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11/22/2017 10:05:29 PM
Posted: 10/17/2004 5:30:15 PM EST
I understand that a free floating foreend attaches to the receiver, but not the muzzle end of the barrel...
I also understand that this reduces pressure on the barrel that would normally be caused by the attachement of the foreend to the front sight-post area, which can potentially bend the barrel, etc...

What I dont understand is how it is more accurate to mount the front sight post (for iron sights) or scope to the rail system.
The sights would be zeroed to the receiver, and If the barrel floats independently, there would be a decrease in accuracy, wouldnt there? To maintain optimal accuracy, do you have to use a barrel-mounted front sight post?

I could buy that there is enough rigidity between the barrel and the receiver for a receiver-mounted scope to be accurate, but if a freefloating foreend is intended to reduce barrel flex (implying that the foreend is expected to flex), then a foreend mounted front sight-post would seem problematic.

If any of you smart-guys can explain the underlying inadequecies of my theory, I would greatly appreciate it.

Thanks
Link Posted: 10/17/2004 5:37:00 PM EST
You are completely correct. The purpose of a free floating handguard is to reduce barrel flex when a sling is used, the sling being attached to the handguard. I fail to understand what advantage there is to mount optics to something that is designed to flex instead of the barrel. I mount my optics to the receiver.
Link Posted: 10/17/2004 7:07:53 PM EST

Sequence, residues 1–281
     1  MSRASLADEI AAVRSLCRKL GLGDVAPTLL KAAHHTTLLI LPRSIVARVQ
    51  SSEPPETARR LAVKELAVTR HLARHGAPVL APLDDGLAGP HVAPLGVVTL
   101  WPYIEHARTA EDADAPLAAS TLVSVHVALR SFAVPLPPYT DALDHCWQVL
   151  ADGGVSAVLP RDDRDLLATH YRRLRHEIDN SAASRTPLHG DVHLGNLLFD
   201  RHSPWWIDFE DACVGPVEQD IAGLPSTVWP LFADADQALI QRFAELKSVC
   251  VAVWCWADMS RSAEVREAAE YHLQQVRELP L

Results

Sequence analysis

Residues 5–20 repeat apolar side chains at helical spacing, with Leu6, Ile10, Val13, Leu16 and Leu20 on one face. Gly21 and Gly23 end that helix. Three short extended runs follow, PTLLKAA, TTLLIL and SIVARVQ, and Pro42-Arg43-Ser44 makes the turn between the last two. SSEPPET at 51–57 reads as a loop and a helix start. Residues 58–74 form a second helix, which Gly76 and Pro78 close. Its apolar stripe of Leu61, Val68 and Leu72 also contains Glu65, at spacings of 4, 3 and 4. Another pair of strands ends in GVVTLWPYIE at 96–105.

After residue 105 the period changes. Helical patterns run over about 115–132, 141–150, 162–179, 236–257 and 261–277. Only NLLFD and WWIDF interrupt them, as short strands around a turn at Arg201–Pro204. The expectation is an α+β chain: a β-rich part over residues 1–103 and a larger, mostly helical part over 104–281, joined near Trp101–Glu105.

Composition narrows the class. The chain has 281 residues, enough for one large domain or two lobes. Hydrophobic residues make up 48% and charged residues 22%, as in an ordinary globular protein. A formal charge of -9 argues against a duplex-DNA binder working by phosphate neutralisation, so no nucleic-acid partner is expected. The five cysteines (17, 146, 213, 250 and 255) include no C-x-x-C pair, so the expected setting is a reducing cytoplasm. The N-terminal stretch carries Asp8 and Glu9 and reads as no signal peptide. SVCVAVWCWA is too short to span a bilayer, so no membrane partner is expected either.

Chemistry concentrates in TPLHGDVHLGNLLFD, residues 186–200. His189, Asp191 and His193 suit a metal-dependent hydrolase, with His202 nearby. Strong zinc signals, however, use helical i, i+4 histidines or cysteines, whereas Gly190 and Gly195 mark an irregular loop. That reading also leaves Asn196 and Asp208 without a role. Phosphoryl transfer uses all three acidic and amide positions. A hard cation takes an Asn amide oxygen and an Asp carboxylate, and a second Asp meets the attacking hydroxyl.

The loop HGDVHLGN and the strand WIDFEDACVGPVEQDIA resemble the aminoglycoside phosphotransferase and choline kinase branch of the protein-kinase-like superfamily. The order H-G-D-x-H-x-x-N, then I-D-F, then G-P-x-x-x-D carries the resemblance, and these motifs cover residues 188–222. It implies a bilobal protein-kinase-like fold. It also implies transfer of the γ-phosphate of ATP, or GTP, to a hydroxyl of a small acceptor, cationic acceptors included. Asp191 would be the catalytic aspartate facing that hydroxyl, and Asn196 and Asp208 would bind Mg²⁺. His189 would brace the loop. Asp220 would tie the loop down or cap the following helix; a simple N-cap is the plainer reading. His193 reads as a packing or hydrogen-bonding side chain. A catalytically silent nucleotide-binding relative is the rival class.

Originally Posted By gus:
You are completely correct. The purpose of a free floating handguard is to reduce barrel flex when a sling is used, the sling being attached to the handguard. I fail to understand what advantage there is to mount optics to something that is designed to flex instead of the barrel. I mount my optics to the receiver.



Gus, it is acctually for those who mount the sling to the barrel mounted attachments. Or, like me, use a single point sling but mount their optics forward of the receiver. Also if you run a FA rifle, you won't pull on the barrel if you use a forward vertical grip to reduce muzzel climb. FF has many advantages, these are just a few.
Link Posted: 10/17/2004 7:13:53 PM EST
Often they cool the barrel better. They are also a great heat sink.
Link Posted: 10/17/2004 7:31:11 PM EST
[Last Edit: 10/17/2004 7:31:27 PM EST by Zak-Smith]
With a freefloated handguard, any force on the handguard will flex them with respect to the receiver and barrel, which ought not be affected. Thus if optics are mounted on the receiver, you have an accuracy improvement.

When BUIS must be mounted on the rail instead of the barrel for whatever reason, the user has to accept some accuracy degradation with the iron BUIS, but typically, we don't care.

-z
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